Missoula’s aviation museum has itself a whirlybird.
Maybe you’ve seen Bell 47 helicopters like this, on “M*A*S*H” reruns, if nowhere else.
Ron Gipe has been on the inside looking out of their bubble cockpits for more than four decades, logging 30,000-plus hours in them and counting.
“The best of the best,” a fellow pilot called him.
Gipe spent five years in the early 1970s with Johnson Flying Service of Missoula, hauling fire crews, spraying weeds, building lookouts and tempting fate.
On Thursday, he oversaw the transport of a Bell 47 G3B1 from his hangar in Lakeside to the Montana Museum of Mountain Flying at the Missoula airport. The copter, crowned by two 19-foot rotor blades, was maneuvered by hand into the museum hangar by volunteers.
They tucked it next to the only other chopper, an Air Force Huey, on loan from Minuteman Aviation and the kind Gipe flew in Vietnam.
The Bell 47 becomes the 13th aircraft in the flying museum, which was opened in 2002. The collection’s centerpiece is the giant DC-3 that flew smokejumpers to their deaths in the tragic Mann Gulch fire in 1949. Their remains were flown back to Missoula on a Bell 47.
The Bell 47 is an especially good get for Mel Guerrera, a museum volunteer who as chief helicopter pilot for Johnson Flying was responsible for hiring Gipe in 1970.
“This is something that we had to have, and it just was not easy to come by until Ron volunteered to build us one,” Guerrera said.
Gipe said he built the non-operational 1966 model from “lots of parts and pieces” he had lying around his hangar at Lakeside Helicopter, the business he’s operated for a third of a century. Like the other parts, the rotor blades are past their time limits. One came as a gift from a company in Stockton, California, that Gipe has been sending his helicopters to for years. A set of operational blades cost upward of $50,000 and a functional Bell 47, while rare these days, is worth half a million dollars.
“This is a pretty historical helicopter,” Guerrera said. “To begin with, it was the first helicopter that was approved by the FAA for civilian use back in 1947.”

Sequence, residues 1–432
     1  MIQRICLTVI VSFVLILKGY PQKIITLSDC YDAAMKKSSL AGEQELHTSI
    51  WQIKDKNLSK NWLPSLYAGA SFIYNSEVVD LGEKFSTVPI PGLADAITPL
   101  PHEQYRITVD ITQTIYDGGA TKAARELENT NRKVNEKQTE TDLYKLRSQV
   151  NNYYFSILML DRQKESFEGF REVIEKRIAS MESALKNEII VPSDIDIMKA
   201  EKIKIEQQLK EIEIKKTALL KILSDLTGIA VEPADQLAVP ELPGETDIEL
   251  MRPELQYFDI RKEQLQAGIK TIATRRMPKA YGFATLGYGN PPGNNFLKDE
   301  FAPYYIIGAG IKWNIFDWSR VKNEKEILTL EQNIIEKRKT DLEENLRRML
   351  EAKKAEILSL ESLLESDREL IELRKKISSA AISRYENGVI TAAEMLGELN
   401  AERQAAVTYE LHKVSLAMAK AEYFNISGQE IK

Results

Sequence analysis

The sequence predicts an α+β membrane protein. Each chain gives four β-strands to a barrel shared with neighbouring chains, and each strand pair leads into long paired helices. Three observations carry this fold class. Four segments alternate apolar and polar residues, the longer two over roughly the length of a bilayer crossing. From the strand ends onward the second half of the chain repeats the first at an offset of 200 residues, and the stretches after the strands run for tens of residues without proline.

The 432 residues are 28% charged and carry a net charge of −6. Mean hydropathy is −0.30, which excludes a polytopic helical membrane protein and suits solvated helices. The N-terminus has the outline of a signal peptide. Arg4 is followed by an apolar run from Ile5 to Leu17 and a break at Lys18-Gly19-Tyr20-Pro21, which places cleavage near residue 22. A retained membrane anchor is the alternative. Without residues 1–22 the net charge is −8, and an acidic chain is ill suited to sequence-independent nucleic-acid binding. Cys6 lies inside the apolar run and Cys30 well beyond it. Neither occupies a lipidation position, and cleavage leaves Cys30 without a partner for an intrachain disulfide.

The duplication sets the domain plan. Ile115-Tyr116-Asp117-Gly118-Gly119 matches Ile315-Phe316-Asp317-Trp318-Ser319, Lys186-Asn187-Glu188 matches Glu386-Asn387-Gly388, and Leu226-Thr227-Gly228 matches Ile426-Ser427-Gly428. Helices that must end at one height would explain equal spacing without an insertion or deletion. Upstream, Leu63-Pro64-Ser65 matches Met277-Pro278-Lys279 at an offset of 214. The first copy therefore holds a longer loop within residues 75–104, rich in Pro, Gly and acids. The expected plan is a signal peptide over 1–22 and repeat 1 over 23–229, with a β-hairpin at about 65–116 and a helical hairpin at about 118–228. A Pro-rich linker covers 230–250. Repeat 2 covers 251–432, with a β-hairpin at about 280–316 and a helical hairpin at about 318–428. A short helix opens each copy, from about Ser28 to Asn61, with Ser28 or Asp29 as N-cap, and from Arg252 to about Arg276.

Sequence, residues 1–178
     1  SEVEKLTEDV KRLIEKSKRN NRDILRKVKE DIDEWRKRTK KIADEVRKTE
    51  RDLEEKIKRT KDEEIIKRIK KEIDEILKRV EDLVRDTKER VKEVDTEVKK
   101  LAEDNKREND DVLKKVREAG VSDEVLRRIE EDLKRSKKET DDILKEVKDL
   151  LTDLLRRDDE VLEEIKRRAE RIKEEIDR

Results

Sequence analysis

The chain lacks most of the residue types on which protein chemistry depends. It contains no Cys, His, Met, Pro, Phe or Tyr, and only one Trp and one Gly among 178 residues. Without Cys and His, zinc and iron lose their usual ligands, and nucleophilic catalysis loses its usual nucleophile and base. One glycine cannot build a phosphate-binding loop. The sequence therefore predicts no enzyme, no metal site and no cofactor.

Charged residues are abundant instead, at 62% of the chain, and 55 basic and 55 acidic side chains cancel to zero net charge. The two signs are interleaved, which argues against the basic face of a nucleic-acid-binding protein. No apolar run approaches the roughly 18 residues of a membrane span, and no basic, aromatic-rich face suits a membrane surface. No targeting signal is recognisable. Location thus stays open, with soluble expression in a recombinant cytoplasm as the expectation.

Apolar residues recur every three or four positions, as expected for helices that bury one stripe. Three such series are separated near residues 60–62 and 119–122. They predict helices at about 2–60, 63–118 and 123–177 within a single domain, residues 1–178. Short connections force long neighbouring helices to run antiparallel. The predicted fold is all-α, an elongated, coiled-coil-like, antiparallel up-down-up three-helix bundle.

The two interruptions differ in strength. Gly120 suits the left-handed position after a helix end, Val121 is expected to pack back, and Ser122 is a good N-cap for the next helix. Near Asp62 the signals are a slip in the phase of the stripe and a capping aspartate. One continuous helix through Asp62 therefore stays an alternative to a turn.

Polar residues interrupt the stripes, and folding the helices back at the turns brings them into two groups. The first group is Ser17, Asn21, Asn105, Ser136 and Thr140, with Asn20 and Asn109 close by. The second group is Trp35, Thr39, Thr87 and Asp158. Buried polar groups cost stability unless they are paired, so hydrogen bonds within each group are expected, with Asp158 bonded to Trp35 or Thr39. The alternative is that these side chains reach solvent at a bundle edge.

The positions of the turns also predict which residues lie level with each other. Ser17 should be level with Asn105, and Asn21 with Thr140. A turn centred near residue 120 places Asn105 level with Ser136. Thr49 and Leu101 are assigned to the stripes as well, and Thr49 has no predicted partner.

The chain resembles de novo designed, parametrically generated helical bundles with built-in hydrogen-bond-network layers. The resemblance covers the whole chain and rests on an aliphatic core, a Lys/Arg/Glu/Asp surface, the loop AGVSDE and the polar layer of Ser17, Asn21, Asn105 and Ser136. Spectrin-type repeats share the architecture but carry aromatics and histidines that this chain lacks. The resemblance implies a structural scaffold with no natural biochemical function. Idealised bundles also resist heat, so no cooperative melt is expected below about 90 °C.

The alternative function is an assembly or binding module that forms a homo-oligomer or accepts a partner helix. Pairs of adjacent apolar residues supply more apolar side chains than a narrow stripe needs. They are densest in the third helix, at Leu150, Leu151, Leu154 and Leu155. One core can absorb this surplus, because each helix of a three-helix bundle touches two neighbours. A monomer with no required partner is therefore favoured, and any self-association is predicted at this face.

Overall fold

It was the first used for crop spraying, the first to cross the Alps, the first to be used by all branches of the military. NASA used the Bell 47 to help simulate a lunar module for astronaut training.
Johnson Flying purchased two of the earliest models, probably soon after the Bell 47 came on the market after World War II. Hall of Fame pilot Jack Hughes, the first licensed helicopter pilot in Montana, flew the Bell 47 for Johnson and later became president of the company.
“It didn’t look like this,” Guerrera said of the earliest Bell 47. “It had only half a bubble and wooden rotor blades. But they were the first helicopters in Montana, this basic model.”
For three decades, Johnson continuously upgraded its helicopter fleet, operating as many as 10 Bell 47s at one time, Guerrera said. By the time Gipe came home from Vietnam and got on with Johnson, he could sit in the bubble of a Bell 47 G3B1.
“They were were turbocharged and they were a real good high-altitude machine,” Gipe said. “The service ceiling was like 18,000 feet on it. There were people that did a lot of work at 10,000 to 12,000 feet.
Gipe once took his to 20,000 feet, “just to see what it was like,” he said.
Nearly four miles high, “you didn’t feel like you were even moving,” he reported,
Contrast that with Gipe’s favorite work – crop spraying. Utility wires, fences and the liability associated with drift make it the riskiest thing he does.
“They used to think you had to be dragging your skids through the crops, but it’s pretty standard to be 10 to 15 feet up when you’re spraying with the new sprayers and nozzles they’ve got,” he said.
GPS guidance systems have changed spraying, Gipe added. “It records every swath you make so you can see every skip you had and you can go back and do it (again).”
Now 68, Gipe was forced to “retire” from flying after he was diagnosed with cancer in 2008.
“I pretty much thought I was done, so I sold all my helicopters and business and stuff,” he said.
He underwent two stem-cell transplants in Seattle. Unable to fly upon his return, Gipe turned to building another Bell 47 as therapy, starting from the skids and building up.
It was, he said, “a lot of fun.”
“That kind of got him through the down time,” his wife Kathy said. “He just had to have something to do.”
Gipe was cancer-free for two years. He’s battling a recurrence now with medication, but pronounced himself “doing fine” this week.
In fact, he’s back in the business of flying. Inspired by his project, Gipe has purchased two more helicopters and has resumed spraying and other work.
Kathy Gipe watched as her husband climbed behind the controls of his museum piece Thursday for a photo-op.
“I wondered if he’d get to finish it at times, I really did,” she said. “But as you can see, he feels pretty good. He just keeps going. No keeping him down.”